352 Grit & Nail Salons w/ Kate Zarvis
Kate Zarvis has been in the beauty industry since she was 15 and got a job washing hair. Now, she owns her own nail salon that is growing rapidly.
Hannah and I cam by her salon to learn about how she’s doing it.
Perhaps the most interesting idea we touched on was the difficulty technology will have in disrupting her industry.
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Kate’s Challenge; Stop comparing yourself to other people on social media.
Connect with Kate
If you liked this interview, check out episode 349 with Bri Conley where we discuss how she’s built a specialty boutique off of Instagram and Snapchat.
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Watson: Welcome to Going Deep with Aaron Watson.
Kate Zarvis: Thanks for having me.
Watson: Thank you for coming on the show. I am excited. This is a completely novel interview experience for me. We have not yet interviewed any founders, entrepreneurs behind a nail salon. I'm curious, just to start off with, what the inspiration was for Manikure and how you came to own your own shop.
Kate Zarvis: Okay. Manikure was born this January, January 10th was our first day open. We haven't been open for a year yet. I've been in the beauty industry since I was 15. My first job was washing hair at a local mom and pop shop. I did that until age 18. My dad made me go to college for three months, even though I didn't want to. I realized that's not where I wanted to be.
I came home, proceeded to beauty school, and fell into the hair industry because that's because I'd been washing hair for so long, always in the salon. That's the only job I ever had. So, I went the hair route, and at my first job, the owner was a nail tech. So, even though she put me on the floor doing hair, she couldn't really guide me where I needed to be. So, I started messing up hair left and right. I was not confident. In this industry, confidence is key. So, because she did nails, she was able to actually teach me how to do manicures. Whenever you're not busy doing hair,
you can be doing nails as well.
I've got extremely comfortable because I could ask her, ‘why isn't this working? How do I fix this?’ She put me through a very intensive training training program, and that's whenever I decided I don't want to be in the hair room, I'm more comfortable here. I just want to do nails. That kind of started my nail career.
Fast forward, five years later to me always having the dream to open up my salon. The stars were never aligning, and thank God they weren't, because I would have been drowning. You know what I'm saying? I was actually working downstairs at Swank Hair studio for two years, and that's whenever she decided to expand with hair, and I was taking up too much space. So up here it was our landlord's office. He moved to Arizona, the space came vacant, and it was a perfect transition for me to want to open up my salon.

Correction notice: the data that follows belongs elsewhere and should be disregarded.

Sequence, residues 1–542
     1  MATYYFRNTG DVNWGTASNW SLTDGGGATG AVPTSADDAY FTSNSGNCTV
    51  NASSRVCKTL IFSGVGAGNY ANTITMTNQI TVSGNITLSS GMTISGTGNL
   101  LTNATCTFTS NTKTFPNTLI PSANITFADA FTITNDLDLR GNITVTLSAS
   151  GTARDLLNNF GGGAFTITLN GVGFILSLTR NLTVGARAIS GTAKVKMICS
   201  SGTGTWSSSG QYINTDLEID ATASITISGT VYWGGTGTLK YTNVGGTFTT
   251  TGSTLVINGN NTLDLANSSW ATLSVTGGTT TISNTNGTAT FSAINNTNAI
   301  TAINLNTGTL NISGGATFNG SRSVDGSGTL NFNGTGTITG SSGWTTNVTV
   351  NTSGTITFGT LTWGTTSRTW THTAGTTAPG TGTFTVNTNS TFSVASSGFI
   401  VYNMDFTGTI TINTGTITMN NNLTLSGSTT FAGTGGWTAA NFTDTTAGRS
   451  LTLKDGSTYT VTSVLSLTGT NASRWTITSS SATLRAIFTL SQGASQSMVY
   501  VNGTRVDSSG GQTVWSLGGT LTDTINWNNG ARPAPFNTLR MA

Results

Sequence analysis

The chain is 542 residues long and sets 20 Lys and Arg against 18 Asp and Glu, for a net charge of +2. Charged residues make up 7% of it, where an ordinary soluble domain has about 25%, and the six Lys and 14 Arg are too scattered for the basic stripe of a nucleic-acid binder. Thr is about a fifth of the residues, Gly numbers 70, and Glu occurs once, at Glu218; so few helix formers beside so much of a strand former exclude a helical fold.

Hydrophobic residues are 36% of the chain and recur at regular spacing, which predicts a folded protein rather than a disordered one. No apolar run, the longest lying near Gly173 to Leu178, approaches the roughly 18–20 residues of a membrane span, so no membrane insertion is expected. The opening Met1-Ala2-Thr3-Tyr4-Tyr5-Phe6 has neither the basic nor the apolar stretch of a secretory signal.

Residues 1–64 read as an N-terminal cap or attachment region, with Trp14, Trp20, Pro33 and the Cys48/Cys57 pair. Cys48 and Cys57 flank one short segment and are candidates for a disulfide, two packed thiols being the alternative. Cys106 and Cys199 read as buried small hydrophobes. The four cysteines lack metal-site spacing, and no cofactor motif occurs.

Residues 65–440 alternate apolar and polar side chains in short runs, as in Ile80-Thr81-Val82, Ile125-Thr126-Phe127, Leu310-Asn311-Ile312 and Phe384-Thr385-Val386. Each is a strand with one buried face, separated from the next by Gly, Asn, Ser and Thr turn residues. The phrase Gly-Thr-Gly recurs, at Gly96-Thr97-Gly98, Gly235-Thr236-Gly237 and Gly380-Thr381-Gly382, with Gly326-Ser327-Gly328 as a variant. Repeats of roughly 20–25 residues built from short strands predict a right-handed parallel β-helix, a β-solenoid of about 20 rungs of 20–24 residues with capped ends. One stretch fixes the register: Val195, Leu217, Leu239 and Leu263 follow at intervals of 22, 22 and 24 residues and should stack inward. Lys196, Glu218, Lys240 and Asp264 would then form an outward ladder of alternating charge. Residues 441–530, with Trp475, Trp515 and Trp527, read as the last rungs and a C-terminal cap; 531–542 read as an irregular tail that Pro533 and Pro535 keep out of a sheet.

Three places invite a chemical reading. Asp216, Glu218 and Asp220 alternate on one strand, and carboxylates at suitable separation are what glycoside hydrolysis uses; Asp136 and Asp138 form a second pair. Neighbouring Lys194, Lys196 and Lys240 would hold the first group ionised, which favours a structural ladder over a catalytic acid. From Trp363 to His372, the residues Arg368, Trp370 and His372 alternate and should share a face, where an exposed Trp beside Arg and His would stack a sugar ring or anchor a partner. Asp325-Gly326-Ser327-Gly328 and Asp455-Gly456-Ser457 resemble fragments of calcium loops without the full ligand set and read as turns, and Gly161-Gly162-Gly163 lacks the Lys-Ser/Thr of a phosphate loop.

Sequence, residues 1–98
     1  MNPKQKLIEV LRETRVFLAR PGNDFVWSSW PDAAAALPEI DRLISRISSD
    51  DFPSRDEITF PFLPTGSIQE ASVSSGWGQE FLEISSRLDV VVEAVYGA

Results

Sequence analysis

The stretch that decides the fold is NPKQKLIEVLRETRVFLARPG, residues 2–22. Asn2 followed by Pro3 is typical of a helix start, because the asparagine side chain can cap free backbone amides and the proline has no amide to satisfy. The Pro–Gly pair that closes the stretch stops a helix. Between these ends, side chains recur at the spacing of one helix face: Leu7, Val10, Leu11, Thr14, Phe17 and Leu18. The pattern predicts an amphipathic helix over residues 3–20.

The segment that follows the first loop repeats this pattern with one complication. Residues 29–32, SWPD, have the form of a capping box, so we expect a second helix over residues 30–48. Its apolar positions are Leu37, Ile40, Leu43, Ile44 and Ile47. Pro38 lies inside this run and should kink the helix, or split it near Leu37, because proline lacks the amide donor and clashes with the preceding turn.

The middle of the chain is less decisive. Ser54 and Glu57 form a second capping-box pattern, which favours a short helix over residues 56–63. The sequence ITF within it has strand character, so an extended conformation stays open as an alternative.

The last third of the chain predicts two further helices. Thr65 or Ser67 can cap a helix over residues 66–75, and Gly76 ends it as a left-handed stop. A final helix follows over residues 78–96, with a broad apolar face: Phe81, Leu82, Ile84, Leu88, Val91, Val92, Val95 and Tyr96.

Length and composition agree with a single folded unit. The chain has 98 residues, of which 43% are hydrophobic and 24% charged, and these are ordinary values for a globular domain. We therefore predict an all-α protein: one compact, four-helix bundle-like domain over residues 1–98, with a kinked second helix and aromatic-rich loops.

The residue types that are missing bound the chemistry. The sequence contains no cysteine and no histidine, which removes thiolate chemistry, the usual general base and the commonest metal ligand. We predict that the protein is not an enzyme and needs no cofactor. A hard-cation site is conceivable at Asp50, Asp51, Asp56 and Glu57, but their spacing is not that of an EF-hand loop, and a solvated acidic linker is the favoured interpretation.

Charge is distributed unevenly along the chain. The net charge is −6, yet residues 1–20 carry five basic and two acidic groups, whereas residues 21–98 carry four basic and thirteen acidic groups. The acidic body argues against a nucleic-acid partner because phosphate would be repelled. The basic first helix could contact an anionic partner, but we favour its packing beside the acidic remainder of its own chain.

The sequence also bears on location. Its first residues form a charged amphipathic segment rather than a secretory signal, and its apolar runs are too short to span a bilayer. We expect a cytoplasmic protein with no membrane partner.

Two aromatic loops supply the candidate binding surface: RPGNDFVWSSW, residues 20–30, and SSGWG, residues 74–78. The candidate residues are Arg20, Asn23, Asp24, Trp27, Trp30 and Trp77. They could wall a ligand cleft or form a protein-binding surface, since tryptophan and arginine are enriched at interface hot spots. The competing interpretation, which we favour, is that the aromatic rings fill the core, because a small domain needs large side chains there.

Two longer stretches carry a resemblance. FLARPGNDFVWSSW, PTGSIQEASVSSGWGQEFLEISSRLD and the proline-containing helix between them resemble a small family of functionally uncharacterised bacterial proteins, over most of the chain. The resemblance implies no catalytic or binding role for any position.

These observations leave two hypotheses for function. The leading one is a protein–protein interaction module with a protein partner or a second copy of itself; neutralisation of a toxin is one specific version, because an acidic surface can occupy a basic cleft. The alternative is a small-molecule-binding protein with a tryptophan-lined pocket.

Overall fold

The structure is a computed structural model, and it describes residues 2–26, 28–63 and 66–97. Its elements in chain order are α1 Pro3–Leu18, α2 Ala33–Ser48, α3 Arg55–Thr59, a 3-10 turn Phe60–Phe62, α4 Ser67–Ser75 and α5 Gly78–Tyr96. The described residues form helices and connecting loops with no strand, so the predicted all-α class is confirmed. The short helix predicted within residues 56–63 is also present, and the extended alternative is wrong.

So, the inspo of Manikure, I found it in West Palm Beach whenever Despacito came out with Justin Bieber. I remember driving on the highway, the Palm trees were everywhere, Despacito was on. I was like, I need to bring this back to Pittsburgh, hence the banana leaf wallpaper, like kind of a beachy vibe.
Watson: It’s definitely a different mood. I'd imagine particularly once it gets cold out, someone comes up here and they just feel like they've kind of escaped from the brutal Pittsburgh weather.
Two things I wanna get clarity on- the first is when we're talking about being downstairs at Swank, you were effectively running the micro, like your own business, had your book of clients down in that area. It was just because being a young business, you didn't necessarily want to incur the cost of rent and having an entire space for yourself, so you had a smaller area. Is that what you meant by that?
Kate Zarvis: Exactly. So, I worked for a few years in Bridgeville. That's where I started doing nails. Whenever I left Bridgeville, I came to Lawrenceville, and I didn't have any clientele. So, even though I was the only person doing nails downstairs, I had to build my client base from scratch.
I was the only nail tech there. I was just like taking up a whole wall. My nail polish was everywhere, and the owner of Swang didn't really want to expand with nails. Hair is her forte.
Watson: The other question I have is around beauty school. So you mentioned you tried college, went to beauty school instead, like how long does that take? What does that entail? That's something that I'm not very familiar with.
Kate Zarvis: So there's three like degrees you can get for beauty school. Cosmetology is the whole shebang: it's hair, skin, and nails. You learn it all. You're licensed at all. After you're licensed and you have a cosmetology license, you can go on and do whatever.
You can go for nails. Cosmetology is nine months. Nails is, let's say three months. Skincare, which is called esthetician, is also like three months. So I went for cosmetology, took about nine months, and then that's how I was able to jump from hair, and then I fell into nails.
Watson: Yeah. I love that you can be ready to enter the working world with an actual marketable skill in nine months, versus some of these colleges that take four years, and you don't even know what you do after you're done with that. So you got here, and then when we met at the Pittsburgh Tech 50 awards, you told me a fascinating story about how quickly upon opening the assassination that you built up a client base and kind of had people beating down your door to get their nails done in here.
Kate Zarvis: Yeah. I wish I could tell you why or how, or I would definitely tell every young entrepreneur in this industry to do it, but truly we opened in January. So, I was by myself downstairs. It was Christmas season and that's the busiest season of our year. Whenever I came upstairs, it was January, which is the slowest time of the year, let me remind you.
I had one nail tech, Victoria. We had never worked together before, like her first day. My first day up here was our first day together. To be honest, I didn't train her because it's January, the slowest season. You know, we'll get there. As we moved in here, her first week, she had 40 clients and she only worked 40 hours a week. It was insane. That just continued. So, I mean, we were messing things up left and right. We had no wiggle room for mistakes, but you know, I answered the messages and I answered through the complaints and I was like, ‘I'll fix them.’